Sponsored By

GDC: Square Enix Gives Rare Technical Glimpse At Final Fantasy XII

Square Enix programming supervisor Taku Murata, co-director and real-time graphics director Hiroshi Minagawa, and lead realtime rendering programmer Yoshinori Tsuchida today presented a postmortem of their Final Fantasy XII, giving a rare technical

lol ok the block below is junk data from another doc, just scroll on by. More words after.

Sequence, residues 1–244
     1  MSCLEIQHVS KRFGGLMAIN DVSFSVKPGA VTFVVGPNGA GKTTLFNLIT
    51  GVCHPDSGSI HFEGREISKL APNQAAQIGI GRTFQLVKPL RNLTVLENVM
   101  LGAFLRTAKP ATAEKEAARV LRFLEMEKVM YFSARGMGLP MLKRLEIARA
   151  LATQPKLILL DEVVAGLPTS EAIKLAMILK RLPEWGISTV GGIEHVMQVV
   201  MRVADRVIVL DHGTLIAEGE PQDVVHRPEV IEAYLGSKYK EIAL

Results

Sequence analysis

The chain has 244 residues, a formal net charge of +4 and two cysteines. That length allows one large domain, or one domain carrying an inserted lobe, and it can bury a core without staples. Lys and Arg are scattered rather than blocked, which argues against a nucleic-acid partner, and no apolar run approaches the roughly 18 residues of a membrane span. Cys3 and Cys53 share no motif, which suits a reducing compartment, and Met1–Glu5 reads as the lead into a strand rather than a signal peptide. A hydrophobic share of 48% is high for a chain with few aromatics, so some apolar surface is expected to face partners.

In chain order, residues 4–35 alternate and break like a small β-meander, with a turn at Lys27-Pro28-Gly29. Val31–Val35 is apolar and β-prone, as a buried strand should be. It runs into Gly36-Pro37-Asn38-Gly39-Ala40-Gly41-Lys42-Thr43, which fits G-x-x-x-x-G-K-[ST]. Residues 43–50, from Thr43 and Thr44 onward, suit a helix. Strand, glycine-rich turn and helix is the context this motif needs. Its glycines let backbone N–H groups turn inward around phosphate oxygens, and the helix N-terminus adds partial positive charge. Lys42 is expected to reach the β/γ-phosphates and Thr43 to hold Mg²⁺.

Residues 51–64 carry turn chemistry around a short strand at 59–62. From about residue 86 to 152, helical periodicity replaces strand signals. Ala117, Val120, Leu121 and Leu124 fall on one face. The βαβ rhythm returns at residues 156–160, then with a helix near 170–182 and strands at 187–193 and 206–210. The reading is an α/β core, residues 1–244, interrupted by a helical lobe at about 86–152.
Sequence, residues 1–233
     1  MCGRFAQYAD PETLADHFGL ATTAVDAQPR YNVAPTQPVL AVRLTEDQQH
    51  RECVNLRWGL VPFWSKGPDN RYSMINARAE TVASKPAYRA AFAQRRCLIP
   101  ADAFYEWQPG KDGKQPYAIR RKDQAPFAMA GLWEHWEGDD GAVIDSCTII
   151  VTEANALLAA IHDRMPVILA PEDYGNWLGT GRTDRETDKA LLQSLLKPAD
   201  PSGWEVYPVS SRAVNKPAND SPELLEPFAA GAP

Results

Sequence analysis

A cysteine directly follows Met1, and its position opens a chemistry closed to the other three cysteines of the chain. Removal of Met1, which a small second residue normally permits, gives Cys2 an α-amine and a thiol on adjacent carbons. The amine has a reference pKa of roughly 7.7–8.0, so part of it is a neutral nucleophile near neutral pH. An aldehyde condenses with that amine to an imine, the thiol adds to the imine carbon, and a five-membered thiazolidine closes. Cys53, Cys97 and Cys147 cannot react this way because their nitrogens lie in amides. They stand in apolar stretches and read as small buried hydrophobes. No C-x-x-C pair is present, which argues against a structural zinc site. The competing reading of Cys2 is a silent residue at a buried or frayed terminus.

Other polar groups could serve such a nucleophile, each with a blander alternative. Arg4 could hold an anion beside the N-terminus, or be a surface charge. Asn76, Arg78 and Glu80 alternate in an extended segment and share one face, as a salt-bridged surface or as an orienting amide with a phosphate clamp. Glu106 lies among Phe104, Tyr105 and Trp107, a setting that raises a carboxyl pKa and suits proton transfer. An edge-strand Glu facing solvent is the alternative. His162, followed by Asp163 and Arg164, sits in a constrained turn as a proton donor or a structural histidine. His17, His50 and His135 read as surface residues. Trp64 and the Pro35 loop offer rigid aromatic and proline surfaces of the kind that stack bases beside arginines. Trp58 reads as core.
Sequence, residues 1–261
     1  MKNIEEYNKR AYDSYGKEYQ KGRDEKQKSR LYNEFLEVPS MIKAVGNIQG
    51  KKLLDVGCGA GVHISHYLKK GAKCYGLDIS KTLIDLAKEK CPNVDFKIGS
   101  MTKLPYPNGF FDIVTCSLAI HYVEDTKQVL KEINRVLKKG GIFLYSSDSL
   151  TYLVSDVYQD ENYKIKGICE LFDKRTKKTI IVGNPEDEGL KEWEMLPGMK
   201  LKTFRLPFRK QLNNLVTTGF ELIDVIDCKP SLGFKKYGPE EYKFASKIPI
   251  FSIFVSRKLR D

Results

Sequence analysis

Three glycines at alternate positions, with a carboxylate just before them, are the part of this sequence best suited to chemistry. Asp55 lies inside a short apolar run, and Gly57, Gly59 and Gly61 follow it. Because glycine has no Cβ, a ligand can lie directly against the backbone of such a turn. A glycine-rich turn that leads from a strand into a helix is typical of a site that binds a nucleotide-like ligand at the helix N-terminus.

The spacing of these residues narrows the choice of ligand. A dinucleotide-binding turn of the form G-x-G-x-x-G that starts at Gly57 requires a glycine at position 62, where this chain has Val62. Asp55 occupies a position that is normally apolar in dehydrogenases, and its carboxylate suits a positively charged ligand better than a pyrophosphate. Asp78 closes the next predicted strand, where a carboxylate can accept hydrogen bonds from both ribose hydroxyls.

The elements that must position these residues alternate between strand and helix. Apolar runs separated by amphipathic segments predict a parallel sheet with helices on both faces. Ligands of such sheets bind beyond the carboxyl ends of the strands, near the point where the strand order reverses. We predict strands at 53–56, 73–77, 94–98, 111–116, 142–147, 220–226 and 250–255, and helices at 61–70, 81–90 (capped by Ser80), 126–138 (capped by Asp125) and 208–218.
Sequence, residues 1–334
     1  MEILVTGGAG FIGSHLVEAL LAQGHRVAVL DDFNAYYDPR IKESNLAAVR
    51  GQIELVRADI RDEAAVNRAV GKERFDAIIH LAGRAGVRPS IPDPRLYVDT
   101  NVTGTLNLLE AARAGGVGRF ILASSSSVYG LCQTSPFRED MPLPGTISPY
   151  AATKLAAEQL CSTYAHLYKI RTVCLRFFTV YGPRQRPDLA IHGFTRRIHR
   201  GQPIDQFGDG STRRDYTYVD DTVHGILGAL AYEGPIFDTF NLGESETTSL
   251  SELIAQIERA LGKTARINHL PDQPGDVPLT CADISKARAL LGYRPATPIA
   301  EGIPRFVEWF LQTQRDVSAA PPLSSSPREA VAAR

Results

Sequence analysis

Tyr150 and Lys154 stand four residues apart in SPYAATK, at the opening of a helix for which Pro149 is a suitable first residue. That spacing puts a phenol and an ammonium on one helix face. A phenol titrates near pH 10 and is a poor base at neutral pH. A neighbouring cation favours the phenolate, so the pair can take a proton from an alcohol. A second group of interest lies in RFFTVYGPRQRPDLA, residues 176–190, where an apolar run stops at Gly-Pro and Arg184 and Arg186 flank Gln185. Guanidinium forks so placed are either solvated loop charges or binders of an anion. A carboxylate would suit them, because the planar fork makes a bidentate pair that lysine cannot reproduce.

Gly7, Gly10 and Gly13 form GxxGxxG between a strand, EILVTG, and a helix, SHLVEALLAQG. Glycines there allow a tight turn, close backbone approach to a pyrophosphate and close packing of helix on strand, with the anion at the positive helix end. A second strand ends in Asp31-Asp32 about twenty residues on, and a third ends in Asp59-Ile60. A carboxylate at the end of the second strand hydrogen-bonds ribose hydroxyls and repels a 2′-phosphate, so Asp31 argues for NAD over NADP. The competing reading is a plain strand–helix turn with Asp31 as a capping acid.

Chris Woodard, Blogger

March 8, 2007

5 Min Read